Pile: Noisy thoughtfulness
by BRENT CRONIN
photo by MONICA MURRAY
I first learned of Pile from a friend in college who bought their 2012 record Dripping from their Bandcamp page. The creepy old man in stark black and white on the cover of the CD immediately awakened my curiosity. I’d never heard anything like it: noisy but thoughtful, left-of-center indie rock born out of the Boston underground music scene. Pile became a staple on my work-out playlists. I would put them on when I needed a good head-banging session. Since they remained relatively obscure, their music felt special and personal to me. Four records later (for a total of seven) their devoted fan base has grown. They’ve toured in Europe four times and have a reputation for spending a lot of time on the road.
When I spoke with Pile’s front man Rick Maguire on the phone, the band was in Santa Barbara, just starting a U.S. tour that will last until Christmas. We talked about influences, the new record Green and Gray, and his creative process.
Growing up what were you listening to? Which artists inspired you and made you want to pursue music?
When I was younger I liked the Beatles and Bob Dylan and I was also into some more punk stuff, or post-punk, Fugazi and that sort of thing.
Those inspirations led into writing music?
Yeah, I was a teenager when I started playing music. I wanted to write music but I wasn’t really sure it would work out as a career. I mean I always hoped it would. But yeah, I worked towards it for a long time. And it’s really only recently that it’s been financially sustainable.
What have you been listening to lately?
I’ve been listening to that band Beak a lot.
Yeah, it’s the drummer of Portishead’s other band, and they’re really great. I’ve also been revisiting a lot of PJ Harvey’s records and I got really into Kate Bush’s record The Dreaming.
What other forms of art influence your music? Books? Movies?
I’m sort of out of a phase with books right now, unfortunately. I think it’s because of touring. Even though being in the van would be a perfect time to read, I have a tough time doing it. As far as movies go, it’s one of my favorite things to do so I’ve been going to see what’s in the theaters right now. As far as movies that were awe-inspiring that I would recommend to friends, “The Last Black Man in San Francisco” was really great.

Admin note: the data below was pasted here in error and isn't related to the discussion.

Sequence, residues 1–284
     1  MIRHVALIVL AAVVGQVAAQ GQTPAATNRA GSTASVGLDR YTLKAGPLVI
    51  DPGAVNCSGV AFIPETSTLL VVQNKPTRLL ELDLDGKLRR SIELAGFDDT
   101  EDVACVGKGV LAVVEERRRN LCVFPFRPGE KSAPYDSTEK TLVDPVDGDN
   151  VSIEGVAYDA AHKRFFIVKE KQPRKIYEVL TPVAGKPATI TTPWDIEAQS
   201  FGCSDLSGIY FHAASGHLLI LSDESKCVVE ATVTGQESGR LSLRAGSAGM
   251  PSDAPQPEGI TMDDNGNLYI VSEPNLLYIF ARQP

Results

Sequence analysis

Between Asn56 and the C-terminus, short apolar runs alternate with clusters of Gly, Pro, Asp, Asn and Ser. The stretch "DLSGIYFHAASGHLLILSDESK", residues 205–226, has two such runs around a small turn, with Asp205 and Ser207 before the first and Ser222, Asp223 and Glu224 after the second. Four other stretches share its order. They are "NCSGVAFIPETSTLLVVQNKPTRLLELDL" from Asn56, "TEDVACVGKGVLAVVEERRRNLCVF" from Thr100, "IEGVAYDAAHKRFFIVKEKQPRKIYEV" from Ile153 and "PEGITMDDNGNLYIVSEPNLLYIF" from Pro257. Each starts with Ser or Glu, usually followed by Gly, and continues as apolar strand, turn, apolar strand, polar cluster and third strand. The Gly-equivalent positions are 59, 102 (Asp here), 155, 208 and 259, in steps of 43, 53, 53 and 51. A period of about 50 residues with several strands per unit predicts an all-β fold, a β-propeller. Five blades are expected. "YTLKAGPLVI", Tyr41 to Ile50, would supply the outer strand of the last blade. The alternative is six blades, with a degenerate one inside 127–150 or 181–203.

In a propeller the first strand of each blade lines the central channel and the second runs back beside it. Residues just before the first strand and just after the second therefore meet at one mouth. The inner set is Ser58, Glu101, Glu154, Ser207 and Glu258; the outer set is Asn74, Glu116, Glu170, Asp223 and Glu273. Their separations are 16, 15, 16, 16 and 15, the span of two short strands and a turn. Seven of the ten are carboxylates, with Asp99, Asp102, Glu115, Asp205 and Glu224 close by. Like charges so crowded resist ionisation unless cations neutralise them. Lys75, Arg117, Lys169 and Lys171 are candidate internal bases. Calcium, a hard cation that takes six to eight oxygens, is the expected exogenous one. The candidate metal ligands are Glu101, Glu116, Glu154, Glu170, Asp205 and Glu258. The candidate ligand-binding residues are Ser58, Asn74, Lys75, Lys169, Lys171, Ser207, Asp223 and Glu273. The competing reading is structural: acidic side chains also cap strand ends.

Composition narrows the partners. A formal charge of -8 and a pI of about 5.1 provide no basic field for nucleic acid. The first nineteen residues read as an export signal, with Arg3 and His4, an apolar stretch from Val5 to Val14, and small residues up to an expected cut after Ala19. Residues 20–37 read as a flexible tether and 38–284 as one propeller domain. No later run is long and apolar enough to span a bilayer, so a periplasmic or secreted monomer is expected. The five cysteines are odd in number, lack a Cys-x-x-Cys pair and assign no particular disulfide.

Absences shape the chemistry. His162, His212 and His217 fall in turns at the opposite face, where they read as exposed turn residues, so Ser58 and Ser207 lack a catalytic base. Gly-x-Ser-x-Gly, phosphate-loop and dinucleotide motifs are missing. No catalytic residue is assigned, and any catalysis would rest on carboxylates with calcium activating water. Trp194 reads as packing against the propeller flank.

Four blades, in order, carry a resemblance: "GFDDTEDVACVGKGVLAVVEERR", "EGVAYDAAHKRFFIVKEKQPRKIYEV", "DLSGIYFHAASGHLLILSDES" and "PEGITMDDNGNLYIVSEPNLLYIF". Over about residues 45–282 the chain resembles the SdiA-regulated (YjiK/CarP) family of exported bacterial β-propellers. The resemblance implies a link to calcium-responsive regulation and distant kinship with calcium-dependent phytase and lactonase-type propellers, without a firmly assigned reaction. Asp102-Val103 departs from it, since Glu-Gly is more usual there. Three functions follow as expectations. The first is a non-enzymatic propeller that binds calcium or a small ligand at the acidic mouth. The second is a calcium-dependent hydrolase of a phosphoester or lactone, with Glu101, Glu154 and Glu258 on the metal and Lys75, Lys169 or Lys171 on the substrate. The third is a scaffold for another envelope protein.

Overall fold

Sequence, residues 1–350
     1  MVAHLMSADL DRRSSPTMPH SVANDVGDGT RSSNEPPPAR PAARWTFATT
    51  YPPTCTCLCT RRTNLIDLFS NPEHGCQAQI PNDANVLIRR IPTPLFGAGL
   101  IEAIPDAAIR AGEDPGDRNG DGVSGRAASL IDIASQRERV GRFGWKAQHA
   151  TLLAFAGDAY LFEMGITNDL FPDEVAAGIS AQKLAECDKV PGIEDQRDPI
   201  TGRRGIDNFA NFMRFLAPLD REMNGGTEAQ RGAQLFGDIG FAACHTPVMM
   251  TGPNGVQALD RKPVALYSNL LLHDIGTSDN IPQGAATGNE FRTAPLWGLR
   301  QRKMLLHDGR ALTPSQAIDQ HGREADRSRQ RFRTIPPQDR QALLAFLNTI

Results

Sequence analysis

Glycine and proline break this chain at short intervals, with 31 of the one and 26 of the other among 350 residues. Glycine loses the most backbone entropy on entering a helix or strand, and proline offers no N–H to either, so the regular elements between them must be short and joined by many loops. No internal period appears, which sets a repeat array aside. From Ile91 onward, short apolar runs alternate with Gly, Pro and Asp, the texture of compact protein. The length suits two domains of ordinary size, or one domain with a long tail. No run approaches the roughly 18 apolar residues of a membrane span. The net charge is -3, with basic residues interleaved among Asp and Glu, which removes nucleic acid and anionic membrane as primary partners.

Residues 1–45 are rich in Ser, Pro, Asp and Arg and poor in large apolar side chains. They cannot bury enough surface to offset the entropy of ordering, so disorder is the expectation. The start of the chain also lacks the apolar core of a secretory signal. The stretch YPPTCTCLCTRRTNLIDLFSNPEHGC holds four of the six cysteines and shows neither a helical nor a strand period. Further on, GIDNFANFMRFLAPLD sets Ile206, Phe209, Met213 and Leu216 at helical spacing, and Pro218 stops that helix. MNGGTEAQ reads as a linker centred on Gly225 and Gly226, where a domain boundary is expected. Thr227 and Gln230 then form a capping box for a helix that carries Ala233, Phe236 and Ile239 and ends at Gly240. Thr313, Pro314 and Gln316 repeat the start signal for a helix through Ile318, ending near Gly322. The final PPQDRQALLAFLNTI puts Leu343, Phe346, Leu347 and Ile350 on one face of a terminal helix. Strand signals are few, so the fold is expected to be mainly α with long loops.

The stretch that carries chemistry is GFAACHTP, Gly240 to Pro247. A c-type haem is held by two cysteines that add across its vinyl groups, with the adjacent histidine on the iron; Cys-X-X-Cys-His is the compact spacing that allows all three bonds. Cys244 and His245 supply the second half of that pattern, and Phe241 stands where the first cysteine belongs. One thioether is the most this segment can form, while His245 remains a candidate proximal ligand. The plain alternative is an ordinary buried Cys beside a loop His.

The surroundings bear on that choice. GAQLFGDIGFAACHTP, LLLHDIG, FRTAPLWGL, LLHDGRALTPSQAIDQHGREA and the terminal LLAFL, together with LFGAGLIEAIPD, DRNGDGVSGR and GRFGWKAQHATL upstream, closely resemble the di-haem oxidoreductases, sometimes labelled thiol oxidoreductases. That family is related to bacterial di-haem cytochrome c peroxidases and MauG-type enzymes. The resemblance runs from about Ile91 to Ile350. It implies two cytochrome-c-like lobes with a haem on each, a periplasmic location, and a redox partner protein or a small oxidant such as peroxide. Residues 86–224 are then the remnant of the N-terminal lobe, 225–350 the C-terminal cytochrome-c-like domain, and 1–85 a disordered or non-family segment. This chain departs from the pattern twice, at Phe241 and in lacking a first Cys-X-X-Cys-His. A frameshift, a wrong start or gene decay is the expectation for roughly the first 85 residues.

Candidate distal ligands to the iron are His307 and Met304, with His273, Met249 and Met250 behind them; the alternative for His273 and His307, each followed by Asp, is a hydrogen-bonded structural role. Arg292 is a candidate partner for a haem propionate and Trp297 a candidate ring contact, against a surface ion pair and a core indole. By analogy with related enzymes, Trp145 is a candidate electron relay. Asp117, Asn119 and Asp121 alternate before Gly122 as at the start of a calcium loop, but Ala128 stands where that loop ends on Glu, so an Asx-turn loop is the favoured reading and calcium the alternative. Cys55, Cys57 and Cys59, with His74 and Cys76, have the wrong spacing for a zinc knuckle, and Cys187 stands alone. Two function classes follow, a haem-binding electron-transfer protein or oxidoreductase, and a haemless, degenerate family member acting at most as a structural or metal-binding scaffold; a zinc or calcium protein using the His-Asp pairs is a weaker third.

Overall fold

Have you been to Bellingham before?
Yeah, we played The Loud House back in 2015.
What is your impression of the Northwest?
My older sister lives in Seattle so I’ve been out there a good amount of time just to visit. And I really like it. I feel like there is a kind of similarity to the Northeast. I wish I could spend more time out there and maybe write music there at some point but we’ll see if that ends up being in the cards.
Do you notice a vibe between East and West Coast crowds?
Yeah, the vibe is very different; the way cities are set up and the general disposition of people. Out here (West Coast) it’s warmer, friendlier, more open and laid back.
Favorite song to perform?
It sort of changes night to night, but from the new record, I’d say “Firewood” or “A Labyrinth With No Center.” Those two are pretty fun to play.
With the new record, Green and Gray, what do you feel like distinguishes it from your other records? There’s that song “The Soft Hands of Stephen Miller” which is more outwardly political than what I’ve heard before from Pile. And then you have that lyric that opens “Firewood”: “No longer burdened by youth”. What did you find burdensome about being young?
The age thing and the political stuff, those are two. There’s also a lot of relationship stuff that I thought about throughout the record. The whole youth thing is kind of tongue-in-cheek. When you’re young you’re experiencing a lot of new things that can be painful, and as you get older you don’t have to worry about that as much and you become set in your ways.
Would you describe your writing process as manic or is it more like blue collar work where you are steadily chipping away?
I think it’s mostly showing up and thinking about it often. Usually it’s incremental progress. There are songs and pieces that sometimes will come quicker but mostly it’s one thing at a time.
What do you do to get into that creative headspace?
Walking is something I feel helps. Sometimes exercising. It kind of varies. There are things I try to do to take care of myself like cooking food, meditating, and I like to think that those are the things that end up catalyzing some ideas.
What’s in store for the future of the band?
We are going to tour until December and then we’ll take a couple months off, but I will take that time to write more music if I can.
Where would you direct someone who has never listened to Pile before?
The last record, A Hairshirt of Purpose, is a good place to start. The songs and the recording are very accessible and easy to approach.
Pile plays at The Shakedown on Nov. 5. Follow them on social media for updates.